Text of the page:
In The Studio: Richard Cook, painter
'There is a force that has to emerge untouched and that is the painting'
Friday 01 March 2013
Richard Cook initially moved to Cornwall to get more space to paint. He was living in a flat on Hampstead Heath, studying at the Royal College of Art, when he found a house in Newlyn where he and his partner, fellow painter Partou Zia, now sadly deceased, could live and work together.
The house is tucked away down a back street of Newlyn, and would have a great view of the sea but for a large painting that obscures the window – a view of the Black Mountains in Wales. It's a subject that Cook has often returned to: "I did a series of drawings there and the painting happened three or four years later. It's not thinking, it is engendering, and the thing comes out when it's ready." Cook is someone who chooses not to go looking for new places to observe, preferring, he says, to plough his furrows more deeply, returning to "his" fields over and over.
Cook's studio is upstairs; the floor, studded by years and years of paint, is uneven and difficult to stand on. The walls are lined with still-wet paintings, while books and sketch-books lie open nearby, some revealing rapid pen and ink drawings, others showing more finished and muscular watercolour studies.
We have been talking about Courbet and he points at some drawings he had made from Courbet when he was last in the National Gallery, as well as an open catalogue from Courbet's show under an easel. "I could not have set this up," he says, laughing. "I love Courbet. There is a poetic understanding of the world that I feel at one with. All painting goes back to Courbet and Manet. It is a passing on of a sort of truth and knowledge."
While studying with Leon Kossoff, Cook recalls when Kossoff approached him sketching in the library and said, "They are very good but can you be a little more primitive." "He released something in me and became a sort of father, but then I had to go my own way. I have set myself free from that."
The confidence and insight that Cook expresses about his own technique may help explain the making of the works. The actual execution of a large painting can be extremely fast, taking only three, four or five minutes. "I paint with my hands. I don't look. There is a force that I have to allow to emerge untrammelled and untouched and that is the painting".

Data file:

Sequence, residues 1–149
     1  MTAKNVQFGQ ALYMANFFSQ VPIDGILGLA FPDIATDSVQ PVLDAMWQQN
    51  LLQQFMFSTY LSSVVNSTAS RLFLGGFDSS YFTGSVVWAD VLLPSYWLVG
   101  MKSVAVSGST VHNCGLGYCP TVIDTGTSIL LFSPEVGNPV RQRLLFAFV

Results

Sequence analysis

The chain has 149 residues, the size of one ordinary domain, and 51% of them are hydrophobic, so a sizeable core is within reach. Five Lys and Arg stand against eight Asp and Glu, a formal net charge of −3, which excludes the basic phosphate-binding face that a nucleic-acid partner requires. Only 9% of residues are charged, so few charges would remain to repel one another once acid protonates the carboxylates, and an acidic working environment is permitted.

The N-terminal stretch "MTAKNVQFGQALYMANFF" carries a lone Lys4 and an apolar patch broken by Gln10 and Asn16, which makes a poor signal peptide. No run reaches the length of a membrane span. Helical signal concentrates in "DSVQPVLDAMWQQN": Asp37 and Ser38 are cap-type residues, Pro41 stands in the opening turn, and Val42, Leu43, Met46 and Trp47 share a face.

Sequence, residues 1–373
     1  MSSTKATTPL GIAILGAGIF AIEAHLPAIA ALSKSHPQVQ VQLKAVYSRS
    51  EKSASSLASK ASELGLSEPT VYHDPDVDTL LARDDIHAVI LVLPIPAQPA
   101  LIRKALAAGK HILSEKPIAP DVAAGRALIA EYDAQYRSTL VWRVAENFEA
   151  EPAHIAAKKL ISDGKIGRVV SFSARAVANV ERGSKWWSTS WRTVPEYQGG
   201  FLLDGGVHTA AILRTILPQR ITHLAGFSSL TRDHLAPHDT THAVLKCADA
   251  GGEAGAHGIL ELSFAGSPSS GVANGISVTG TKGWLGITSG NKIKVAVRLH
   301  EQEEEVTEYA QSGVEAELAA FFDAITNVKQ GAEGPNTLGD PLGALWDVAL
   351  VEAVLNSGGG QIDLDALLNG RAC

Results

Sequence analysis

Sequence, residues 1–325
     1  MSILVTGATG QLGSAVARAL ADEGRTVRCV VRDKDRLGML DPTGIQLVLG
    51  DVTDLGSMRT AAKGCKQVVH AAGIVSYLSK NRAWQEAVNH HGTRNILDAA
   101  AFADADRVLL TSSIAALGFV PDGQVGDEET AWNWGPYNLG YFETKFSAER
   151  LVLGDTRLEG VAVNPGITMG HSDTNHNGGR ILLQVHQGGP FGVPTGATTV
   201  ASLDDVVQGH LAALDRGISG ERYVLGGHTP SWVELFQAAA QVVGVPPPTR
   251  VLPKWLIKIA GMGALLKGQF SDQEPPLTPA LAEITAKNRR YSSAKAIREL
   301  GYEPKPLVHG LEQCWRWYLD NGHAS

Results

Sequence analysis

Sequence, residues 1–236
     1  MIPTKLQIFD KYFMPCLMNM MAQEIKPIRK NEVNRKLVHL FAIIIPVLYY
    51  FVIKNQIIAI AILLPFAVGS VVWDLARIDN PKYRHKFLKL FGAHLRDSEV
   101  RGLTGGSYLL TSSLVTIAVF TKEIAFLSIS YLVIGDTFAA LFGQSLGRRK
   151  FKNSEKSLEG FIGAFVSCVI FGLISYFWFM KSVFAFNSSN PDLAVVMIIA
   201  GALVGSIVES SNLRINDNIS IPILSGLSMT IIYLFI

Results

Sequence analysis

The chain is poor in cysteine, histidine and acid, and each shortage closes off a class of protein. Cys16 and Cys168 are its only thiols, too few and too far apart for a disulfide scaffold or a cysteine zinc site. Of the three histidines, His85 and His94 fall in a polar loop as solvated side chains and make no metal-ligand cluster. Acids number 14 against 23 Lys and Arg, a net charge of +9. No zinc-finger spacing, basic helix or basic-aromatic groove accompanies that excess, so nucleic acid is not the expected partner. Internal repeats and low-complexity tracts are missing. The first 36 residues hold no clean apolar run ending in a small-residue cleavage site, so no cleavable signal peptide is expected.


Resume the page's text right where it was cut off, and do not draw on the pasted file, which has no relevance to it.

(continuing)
The canvasses reveal the speed in which they were created by their spare use of paint and large gestural brushstrokes. They have an unmistakably raw energy. His self-assurance comes through as he proclaims, "I am not really a Cornish painter, I am Richard and I am a painter and I have a lot of belief in what I am doing."
Grace Dent on TV The Secret Life of the Pub is sexist, ageist and a breath of fresh air
Art Megumi Igarashi criticises Japan's 'backwards' attitude to women's sexual expression
tv Singer could become the most unlikely star of Westeros
Arts & Ents blogs
- 1 I've been called an abusive and dangerous parent, when all I did was listen to my transgender child
- 2 Migrant crisis: Greek soldier saved 20 people singlehandedly off Rhodes beach
- 3 Sofyen Belamouadden murder: The inside story of a crime that horrified Britain
- 4 Company breaks open Apple Watch to discover what it says is 'planned obsolescence'
- 5 Ian Brady: Moors murderer announces his support for Ukip and the SNP
Poldark finale episode 8, review: How a costume drama became a Sunday night swoon-fest
Al Pacino admits he was nearly fired from The Godfather and it's still his most 'difficult role'
Warner Music owner Len Blavatnik tops Sunday Times Rich List
The day I starred in Only Fools and Horses
Peter Kay’s Car Share, TV review: The perfect vehicle for Kay’s comic talents
General Election 2015: Chuka Umunna on the benefits of immigration, humility – and his leader Ed Miliband
The sickening truth about food banks that the Tories don't want you to know
Migrant boat disaster: Ukip candidate mocks victims in sickening Twitter post
Nigel Farage wants the BBC to stop making programmes like Doctor Who, Strictly Come Dancing, and Top Gear
Global warming: Scientists say temperatures could rise by 6C by 2100 and call for action ahead of UN meeting in Paris
General Election 2015: Britain would become a 'communist dictatorship' under Ed Miliband and Nicola Sturgeon, claims wife of Michael Gove